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Nisha, adopted on 07/27/07, † 01/27/08
In July 2007 a friend of mine told me about two budgies she got from a family who had become rid of the birds. My friend wanted to look for a fond new home for these poor birds. Since they haven't been a real pair she could separate them from each other. Soon she found a new home for the male bird, but the green female made her worry. When my friend had a closer look to the bird she noticed that it was somehow impassive and didn't move from its swing. She saw the bird stray around the cage after it fell off the swing. Also the bird ran into the bars of the cage. My friend phoned me and told me about her suspicion: Maybe the budgie is blind, she presumed. According to her description of the birds' behaviour I agreed with her because what she said reminded me a lot of Eule, a blind budgie who once lived in my home.
Due to the change of her environment, the bird was totally confused and my friend worried a lot about her. Despite all her worries she decided to bring the budgie to our avian vet a few days later. I went to see the bird before we left to see the doctor. Both eyes seemed to be "grey" and later, our avian vet found out that the poor budgie was suffering from a cataract. This means the crystalline lenses of both eyes have become opaque. In humans, the cataract is one of the most frequent causes for blindness, see link on Wikipedia . Also the bird seemed to have lost most of its vision. She can only "see" something when she is surrounded by bright light and the vet assumed she can sense light and shadow then - that's all. No sharp and high-contrast vision at all.
To find a new home for a bird who is nearly completely blind is something that one can describe as "mission impossible". Therefore my friend decided to keep the budgie at her place. Regrettably things turned out to be more complicated than she had expected. One of her female budgies soon found out that the new bird was totally defenceless and therefore she liked to attack the blind fellow. It seemed to be great fun to beat up another bird who couldn't defend itself. Before this led to serious injuries, my friend and I decided to take the blind budgie lady to my home. My plan was to integrate her into my flock of handicapped budgies. On 07/27/2007 the green bird became an official member of my flock and got her new name Nisha.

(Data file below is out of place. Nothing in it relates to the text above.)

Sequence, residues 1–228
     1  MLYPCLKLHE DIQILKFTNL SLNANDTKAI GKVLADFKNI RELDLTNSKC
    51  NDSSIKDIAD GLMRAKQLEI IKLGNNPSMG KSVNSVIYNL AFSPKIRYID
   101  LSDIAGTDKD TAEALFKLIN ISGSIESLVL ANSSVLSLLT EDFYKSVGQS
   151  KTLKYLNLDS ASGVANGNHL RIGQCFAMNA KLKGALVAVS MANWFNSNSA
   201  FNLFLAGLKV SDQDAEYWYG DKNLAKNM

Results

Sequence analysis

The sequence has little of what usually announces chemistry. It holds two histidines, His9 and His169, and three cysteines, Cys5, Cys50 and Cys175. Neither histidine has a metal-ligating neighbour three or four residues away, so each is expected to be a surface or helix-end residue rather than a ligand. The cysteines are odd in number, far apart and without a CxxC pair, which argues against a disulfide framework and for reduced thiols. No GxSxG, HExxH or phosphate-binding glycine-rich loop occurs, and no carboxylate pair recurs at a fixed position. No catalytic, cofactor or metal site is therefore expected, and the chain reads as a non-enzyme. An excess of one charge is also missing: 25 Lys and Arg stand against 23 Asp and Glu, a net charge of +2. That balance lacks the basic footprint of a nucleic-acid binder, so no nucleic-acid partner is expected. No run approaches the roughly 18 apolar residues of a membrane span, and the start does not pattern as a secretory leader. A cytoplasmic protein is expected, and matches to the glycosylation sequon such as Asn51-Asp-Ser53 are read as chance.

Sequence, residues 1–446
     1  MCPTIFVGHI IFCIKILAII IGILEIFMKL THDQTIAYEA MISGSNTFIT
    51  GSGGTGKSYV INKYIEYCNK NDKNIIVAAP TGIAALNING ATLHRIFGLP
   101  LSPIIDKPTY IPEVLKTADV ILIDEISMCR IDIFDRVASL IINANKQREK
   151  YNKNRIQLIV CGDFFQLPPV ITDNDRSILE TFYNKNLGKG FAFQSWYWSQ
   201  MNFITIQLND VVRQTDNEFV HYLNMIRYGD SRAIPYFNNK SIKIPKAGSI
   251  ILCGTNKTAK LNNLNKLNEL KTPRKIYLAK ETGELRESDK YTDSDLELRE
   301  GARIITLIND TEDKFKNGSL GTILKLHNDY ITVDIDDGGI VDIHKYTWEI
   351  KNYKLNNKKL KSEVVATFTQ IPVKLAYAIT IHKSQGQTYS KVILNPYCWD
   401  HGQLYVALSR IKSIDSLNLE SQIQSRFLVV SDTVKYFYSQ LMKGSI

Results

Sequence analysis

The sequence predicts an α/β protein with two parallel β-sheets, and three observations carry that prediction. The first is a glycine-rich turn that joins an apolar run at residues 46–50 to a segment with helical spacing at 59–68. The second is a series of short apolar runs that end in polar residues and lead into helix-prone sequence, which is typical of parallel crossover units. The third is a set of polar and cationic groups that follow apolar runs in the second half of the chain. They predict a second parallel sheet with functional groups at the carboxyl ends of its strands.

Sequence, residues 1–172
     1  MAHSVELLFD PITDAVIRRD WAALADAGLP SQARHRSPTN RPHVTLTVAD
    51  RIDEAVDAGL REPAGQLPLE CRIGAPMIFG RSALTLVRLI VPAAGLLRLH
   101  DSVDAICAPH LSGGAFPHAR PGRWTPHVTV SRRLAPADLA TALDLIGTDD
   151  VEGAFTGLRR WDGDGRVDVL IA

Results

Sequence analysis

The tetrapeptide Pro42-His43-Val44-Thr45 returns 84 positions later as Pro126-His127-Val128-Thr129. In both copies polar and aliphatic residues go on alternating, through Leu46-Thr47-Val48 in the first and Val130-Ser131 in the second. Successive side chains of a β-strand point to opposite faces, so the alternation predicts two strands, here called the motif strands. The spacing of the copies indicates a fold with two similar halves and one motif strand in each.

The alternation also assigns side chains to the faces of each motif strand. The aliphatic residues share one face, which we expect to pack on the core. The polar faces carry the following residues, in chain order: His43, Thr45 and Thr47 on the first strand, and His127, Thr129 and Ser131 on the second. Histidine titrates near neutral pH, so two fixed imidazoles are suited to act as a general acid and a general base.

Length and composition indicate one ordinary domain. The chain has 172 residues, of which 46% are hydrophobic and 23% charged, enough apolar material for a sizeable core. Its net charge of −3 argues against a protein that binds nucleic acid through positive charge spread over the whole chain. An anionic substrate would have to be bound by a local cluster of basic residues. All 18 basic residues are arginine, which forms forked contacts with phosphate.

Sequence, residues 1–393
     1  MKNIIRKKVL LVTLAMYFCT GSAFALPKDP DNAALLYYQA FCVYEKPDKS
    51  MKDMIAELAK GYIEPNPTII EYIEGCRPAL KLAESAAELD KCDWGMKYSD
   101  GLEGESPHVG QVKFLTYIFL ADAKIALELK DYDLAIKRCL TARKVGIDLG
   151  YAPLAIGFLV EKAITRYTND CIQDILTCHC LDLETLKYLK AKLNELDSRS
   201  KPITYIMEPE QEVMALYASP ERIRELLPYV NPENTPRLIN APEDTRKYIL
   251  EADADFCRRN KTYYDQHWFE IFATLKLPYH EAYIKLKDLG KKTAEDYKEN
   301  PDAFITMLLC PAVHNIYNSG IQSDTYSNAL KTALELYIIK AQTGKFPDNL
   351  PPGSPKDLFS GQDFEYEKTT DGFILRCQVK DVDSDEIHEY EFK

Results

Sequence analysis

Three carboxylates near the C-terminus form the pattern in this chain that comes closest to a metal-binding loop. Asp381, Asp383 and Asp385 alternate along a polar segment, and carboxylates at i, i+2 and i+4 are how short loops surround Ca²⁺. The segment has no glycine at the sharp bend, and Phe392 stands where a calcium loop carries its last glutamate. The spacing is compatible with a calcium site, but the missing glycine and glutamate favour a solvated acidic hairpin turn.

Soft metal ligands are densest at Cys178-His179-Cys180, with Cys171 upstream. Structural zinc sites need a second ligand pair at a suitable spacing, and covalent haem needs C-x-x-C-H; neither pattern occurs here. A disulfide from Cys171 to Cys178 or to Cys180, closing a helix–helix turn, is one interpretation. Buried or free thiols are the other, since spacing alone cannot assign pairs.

You may call me foolish and careless because I didn't cage Nisha but let her into my bird room from the first moment on. My experiences with other blind birds showed me that these amazing little creatures get along very well with their handicap and soon learn to orientate by the use of their sense of hearing. And so did Nisha. It only took her two or three days to learn where the best perches can be found and also she was no longer threatened by starvation. My other birds make such a big noise when I serve their food that it's easy for her to make her way right to the food dish. Once she heard my other birds nibble on their grains and seeds, she moved her head like an owl to find out where the source of this noise was located. Then she headed towards the food dish and hovered in the air just until she is right above the food. After landing, she immediately started to eat. Just three weeks after she had moved into my bird room she had reached normal weight because she gained five grams!
She settled in very well and even started to trust me. Nisha learned to listen to my commands and for example climb on my hand or off it. So I could carry her around the bird room what she always enjoyed much. Then, on 01/27/2008 she suddenly became very ill. In the morning she was still fine, but in the early afternoon her kidneys stopped working. Blood was coming out of her cloaca and she must have suffered from terrible pain. Even though it broke my heart I decided to bring her to a vet and put her to sleep. There was no chance to save her life, so I wanted her soul to leave in peace. She was so gentle and charming, I will miss her much! Thank you for everything, my beloved little feathered friend.
The ring she weared on her right leg shows that Nisha was born in 2005. Her colour mutation was normal like the wild budgies in Australia, but she is much larger like an English Budgie.
Meaning of the name
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